by P. David Hornik
By Thursday night Israel was well into its second war against the Gaza terror statelet since Israel’s ill-considered “disengagement” from Gaza in 2005, a move widely hailed at the time as ushering in a new era of peace.
The year leading up to the first Gaza war, 2008, saw over a thousand rocket attacks on Israel from Gaza. In 2009 and 2010, the years after that war, the attacks declined steeply; then they began to rise again and this year, 2012, had reached about 800 before Israel, on Wednesday, finally started to fight back again.
Israel launched the campaign on Wednesday afternoon with two major, successful hits: a lethal aerial strike on Ahmad Jabari, head of Hamas’s military wing and the most senior Hamas figure in the Strip, known especially to Israelis for masterminding the kidnapping of Gilad Shalit; and a series of strikes against Hamas’s Iranian-made long-range Fajr missiles, considered strategic because of their ability to hit the Tel Aviv area in central Israel.
Since then southern Israel has been enveloped in rocket firings from Gaza. On Thursday morning three people were killed in the town of Kiryat Malachi, 18 miles from Gaza, when a rocket made a direct hit on a building there. In my city, Beersheva, 25 miles from Gaza, the attacks have been so frequent that this article is literally being written in intervals between air-raid sirens. So far the city’s Iron Dome battery has intercepted most of the rockets and no serious injuries have been reported.
Israel was further stunned on Thursday night when, for the first time ever, rockets from Gaza hit the greater Tel Aviv area, indicating that the air force had not managed to destroy all the Fajrs and signaling a strategic escalation on Hamas’s part. Israel, for its part, had hit over 200 targets in Gaza including terror hubs and arms caches.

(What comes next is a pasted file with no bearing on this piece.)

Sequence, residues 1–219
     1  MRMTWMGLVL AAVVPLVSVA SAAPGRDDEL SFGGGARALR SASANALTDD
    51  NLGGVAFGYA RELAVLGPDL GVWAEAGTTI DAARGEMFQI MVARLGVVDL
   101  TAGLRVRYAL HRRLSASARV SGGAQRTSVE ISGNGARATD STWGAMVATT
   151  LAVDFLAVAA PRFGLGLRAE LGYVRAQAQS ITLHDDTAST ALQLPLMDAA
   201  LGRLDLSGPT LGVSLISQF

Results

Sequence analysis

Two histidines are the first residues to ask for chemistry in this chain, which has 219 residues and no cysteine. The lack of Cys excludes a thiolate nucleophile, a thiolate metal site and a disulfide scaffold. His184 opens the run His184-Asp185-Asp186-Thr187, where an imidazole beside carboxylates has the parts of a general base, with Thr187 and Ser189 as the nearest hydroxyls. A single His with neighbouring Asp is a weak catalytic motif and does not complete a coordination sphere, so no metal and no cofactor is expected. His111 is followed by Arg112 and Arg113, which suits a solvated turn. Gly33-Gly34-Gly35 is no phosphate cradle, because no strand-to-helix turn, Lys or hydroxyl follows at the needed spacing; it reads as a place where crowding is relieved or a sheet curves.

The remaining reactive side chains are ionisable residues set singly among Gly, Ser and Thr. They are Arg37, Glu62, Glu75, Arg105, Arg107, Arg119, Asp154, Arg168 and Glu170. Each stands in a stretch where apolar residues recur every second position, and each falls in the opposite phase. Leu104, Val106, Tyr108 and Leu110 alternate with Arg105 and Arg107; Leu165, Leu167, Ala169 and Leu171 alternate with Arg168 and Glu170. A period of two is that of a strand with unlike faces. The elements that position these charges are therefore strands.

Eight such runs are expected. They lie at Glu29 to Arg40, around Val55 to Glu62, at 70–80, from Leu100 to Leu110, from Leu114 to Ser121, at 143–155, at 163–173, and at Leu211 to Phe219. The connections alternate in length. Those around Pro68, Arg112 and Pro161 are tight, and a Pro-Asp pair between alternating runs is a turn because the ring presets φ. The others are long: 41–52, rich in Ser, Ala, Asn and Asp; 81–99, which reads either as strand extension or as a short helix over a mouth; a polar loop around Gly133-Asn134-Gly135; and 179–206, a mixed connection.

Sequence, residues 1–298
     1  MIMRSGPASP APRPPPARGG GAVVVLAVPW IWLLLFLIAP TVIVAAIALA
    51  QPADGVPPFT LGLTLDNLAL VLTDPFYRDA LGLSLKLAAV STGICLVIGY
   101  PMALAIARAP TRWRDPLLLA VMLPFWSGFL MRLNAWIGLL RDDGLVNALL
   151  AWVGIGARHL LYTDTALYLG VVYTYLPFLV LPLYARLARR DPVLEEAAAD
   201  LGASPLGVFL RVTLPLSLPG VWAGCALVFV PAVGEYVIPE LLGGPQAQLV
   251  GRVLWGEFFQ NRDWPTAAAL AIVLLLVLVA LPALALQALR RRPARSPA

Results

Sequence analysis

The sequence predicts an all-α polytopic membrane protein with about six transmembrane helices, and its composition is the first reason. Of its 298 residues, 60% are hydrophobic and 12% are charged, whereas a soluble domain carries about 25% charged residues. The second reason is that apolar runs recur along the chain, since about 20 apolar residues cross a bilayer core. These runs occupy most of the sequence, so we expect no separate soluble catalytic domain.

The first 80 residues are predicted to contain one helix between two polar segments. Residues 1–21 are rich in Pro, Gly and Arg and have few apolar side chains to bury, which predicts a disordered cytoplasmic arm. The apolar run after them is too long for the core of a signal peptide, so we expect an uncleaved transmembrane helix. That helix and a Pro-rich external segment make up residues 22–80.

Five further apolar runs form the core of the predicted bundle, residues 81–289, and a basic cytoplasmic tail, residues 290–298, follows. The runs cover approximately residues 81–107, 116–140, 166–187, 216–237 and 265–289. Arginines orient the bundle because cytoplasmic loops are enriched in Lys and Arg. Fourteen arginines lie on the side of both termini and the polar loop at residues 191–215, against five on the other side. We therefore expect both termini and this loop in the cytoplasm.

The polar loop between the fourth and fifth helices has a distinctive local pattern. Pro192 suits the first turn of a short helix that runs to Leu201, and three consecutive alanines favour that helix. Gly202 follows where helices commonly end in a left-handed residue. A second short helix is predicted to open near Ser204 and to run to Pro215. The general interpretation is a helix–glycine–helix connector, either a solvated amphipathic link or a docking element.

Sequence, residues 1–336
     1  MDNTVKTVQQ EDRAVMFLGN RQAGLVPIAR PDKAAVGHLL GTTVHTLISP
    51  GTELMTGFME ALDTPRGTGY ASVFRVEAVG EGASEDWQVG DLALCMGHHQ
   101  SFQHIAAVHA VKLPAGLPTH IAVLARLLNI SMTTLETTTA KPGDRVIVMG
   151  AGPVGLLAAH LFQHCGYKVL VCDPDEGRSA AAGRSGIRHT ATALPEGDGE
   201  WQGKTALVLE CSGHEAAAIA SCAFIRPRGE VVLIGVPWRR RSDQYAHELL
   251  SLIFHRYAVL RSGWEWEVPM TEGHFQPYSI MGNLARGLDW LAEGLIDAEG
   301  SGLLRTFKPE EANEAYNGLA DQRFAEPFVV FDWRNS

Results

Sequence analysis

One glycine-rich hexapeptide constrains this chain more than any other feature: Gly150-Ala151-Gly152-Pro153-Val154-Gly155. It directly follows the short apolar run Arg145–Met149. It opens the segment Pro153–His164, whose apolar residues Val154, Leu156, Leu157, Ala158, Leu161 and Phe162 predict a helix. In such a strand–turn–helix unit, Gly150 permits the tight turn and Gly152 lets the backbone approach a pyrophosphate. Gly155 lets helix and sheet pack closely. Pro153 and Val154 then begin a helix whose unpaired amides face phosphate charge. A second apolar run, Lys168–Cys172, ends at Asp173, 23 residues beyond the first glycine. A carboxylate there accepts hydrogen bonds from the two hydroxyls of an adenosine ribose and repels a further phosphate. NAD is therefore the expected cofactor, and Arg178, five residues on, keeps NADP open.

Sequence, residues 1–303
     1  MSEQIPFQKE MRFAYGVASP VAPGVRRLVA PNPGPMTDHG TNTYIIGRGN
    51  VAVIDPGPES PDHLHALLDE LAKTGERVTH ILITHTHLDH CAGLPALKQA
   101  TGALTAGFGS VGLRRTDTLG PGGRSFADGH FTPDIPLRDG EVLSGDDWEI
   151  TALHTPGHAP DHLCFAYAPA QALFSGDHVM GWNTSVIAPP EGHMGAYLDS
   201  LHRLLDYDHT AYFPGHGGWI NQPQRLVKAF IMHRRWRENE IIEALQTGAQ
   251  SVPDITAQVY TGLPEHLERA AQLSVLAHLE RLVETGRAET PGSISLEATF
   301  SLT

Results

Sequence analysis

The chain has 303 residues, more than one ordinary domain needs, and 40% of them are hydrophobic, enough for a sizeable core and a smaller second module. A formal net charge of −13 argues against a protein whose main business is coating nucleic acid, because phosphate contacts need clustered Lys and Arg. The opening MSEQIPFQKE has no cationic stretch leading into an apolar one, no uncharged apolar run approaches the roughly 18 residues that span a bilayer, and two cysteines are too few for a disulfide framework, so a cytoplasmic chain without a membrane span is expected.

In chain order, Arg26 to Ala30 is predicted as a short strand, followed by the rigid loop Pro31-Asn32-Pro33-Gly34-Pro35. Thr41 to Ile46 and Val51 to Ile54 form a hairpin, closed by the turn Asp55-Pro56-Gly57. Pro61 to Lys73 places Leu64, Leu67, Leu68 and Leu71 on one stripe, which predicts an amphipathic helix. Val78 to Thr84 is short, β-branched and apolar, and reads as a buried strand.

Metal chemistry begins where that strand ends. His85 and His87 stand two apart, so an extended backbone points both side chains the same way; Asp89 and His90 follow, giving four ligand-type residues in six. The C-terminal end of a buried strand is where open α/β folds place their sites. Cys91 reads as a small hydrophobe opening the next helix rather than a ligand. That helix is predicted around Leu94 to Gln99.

On Thursday morning the Israeli air force dropped leaflets on Gaza warning civilians to stay out of the line of fire. That meant the war’s moral asymmetry was absolute, with one side doing its utmost to avoid civilian casualties and the other, Hamas and other Gaza terror groups like Islamic Jihad, launching hundreds of projectiles meant to kill, injure, and terrorize as many civilians as possible.
That did not, however, prevent Mohammed Kamel Amr—foreign minister of Egypt’s Muslim Brotherhood regime, in power since July—from asking U.S. secretary of state Hillary Clinton for “immediate U.S. intervention to stop the Israeli aggression.” And the spokesman for Egypt’s Muslim Brotherhood president, Mohamed Morsi, had still stronger words, saying Morsi had been “follow[ing] the Israeli brutal assault.”
As opposed to words, Egypt’s actions so far have been relatively mild. On Wednesday, immediately after the hostilities began, Egypt’s ambassador to Israel was recalled. On Thursday it was announced that Egypt’s prime minister Hesham Kandil—far less significant than Morsi—would be paying Gaza a solidarity visit on Friday.
In other words, despite the Muslim Brotherhood regime’s radical hostility to Israel, it is probably in no shape at this point to make more than symbolic gestures in Hamas’s defense, with Egypt not far from economic collapse and desperately dependent on U.S. aid. In other regards, too, the regional situation gives Israel a window for action, with both Syria and its Lebanon-based ally, Hizballah, enmeshed in trying to put down the Syrian rebellion.
After a day of aerial and tank fire at the Strip, it was reported by Thursday evening that Israel was calling up 30,000 reserve soldiers, making a ground invasion of the Strip likely. Israel’s goals probably do not include toppling Hamas, since Israel does not want to either reoccupy Gaza or install the Palestinian Authority there, but certainly do include regaining its deterrence by hitting Hamas hard, and restoring normal life to the people of southern Israel.
It’s to be hoped that, however much flak is flying Israel’s way, Prime Minister Binyamin Netanyahu and Defense Minister Ehud Barak will stay the course.
P. David Hornik is a freelance writer and translator in Beersheva, Israel. He blogs at http://pdavidhornik.typepad.com.
Copyright - Original materials copyright (c) by the authors.